In the U.S. nearly 275,000 people are hospitalized for traumatic brain injury (TBI) each year and with hospitalization, the TBI patient encounters a care environment that is not always supportive of recovery. As a part of the clinical care continuum, intermediate-care is the last rung of inpatient hospitalization and is often where an interdisciplinary team evaluates a patient's recovery from brain injury. The environment of care can be a barrier or facilitator to recovery post-TBI because it influences physiologic processes such as sleep. In patients with TBI intrinsic and extrinsic factors contribute to sleep disturbance Extrinsic factors like hospital noise, timing and exposure to light, and nighttime awakenings by hospital staff are noted as salient problems in both hospitalized patients and patients with TBI. However the available literature on sleep disturbance of patients with TBI housed in the intermediate care unit is sparse. Therefore, the purpose of this pilot study is to examine the pattern of the patient's sleep fragmentation together with environmental stimuli in order to describe the influence of the care environment on the intermediate-care patient with TBI. The patients number of nighttime awakenings will be recorded using actigraphy while environmental factors (sound, light, and contact (as part of care-provision) will be recorded with a sound level meter and a multipurpose sensor, respectively. Additionally, multilevel modeling analyses will be used describe associations of the patient's nighttime awakenings, environmental factors, and the change in functional status (measured with functional independence measure, FIM) measured at day 1, day 5, and at discharge from intermediate care.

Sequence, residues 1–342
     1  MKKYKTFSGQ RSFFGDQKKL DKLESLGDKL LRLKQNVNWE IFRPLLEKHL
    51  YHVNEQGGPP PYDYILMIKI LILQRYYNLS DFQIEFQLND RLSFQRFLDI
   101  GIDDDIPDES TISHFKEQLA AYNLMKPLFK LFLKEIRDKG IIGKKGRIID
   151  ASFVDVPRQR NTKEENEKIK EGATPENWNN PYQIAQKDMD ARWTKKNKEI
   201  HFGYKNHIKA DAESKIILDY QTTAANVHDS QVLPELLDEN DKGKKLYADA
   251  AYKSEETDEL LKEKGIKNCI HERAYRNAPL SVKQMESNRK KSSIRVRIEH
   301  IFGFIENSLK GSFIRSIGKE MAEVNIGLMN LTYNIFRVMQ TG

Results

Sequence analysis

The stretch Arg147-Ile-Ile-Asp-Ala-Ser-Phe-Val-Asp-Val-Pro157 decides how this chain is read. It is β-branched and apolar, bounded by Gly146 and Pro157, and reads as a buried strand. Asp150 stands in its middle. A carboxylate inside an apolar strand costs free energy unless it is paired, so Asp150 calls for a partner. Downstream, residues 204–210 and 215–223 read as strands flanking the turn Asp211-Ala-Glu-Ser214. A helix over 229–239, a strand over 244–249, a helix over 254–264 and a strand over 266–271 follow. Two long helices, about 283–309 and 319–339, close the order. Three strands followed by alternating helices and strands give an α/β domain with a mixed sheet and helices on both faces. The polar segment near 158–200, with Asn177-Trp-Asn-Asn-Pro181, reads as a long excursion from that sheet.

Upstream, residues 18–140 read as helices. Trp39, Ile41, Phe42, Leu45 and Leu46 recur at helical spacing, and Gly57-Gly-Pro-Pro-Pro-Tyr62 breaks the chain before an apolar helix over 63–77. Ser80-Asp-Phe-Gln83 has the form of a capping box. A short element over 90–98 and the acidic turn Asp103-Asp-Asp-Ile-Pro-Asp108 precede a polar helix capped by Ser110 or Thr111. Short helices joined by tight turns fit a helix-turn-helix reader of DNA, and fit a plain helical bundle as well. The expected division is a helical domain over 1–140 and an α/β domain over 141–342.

Sleep is critical to the traumatic brain injury patient's recovery as nighttime awakenings may worsen sleep disturbance and decrease daytime vigilance and function. The care environment may foster or inhibit sleep. This proposed research study seeks to explore how environmental stimuli such as movement, sound and light influence the sleep of patients hospitalized following a traumatic brain injury (TBI).
|Cheng, Chieh; Chi, Nai-Ching; Williams, Ellita et al. (2018) Examining age-related differences in functional domain impairment following traumatic brain injury. Int J Older People Nurs 13:e12208|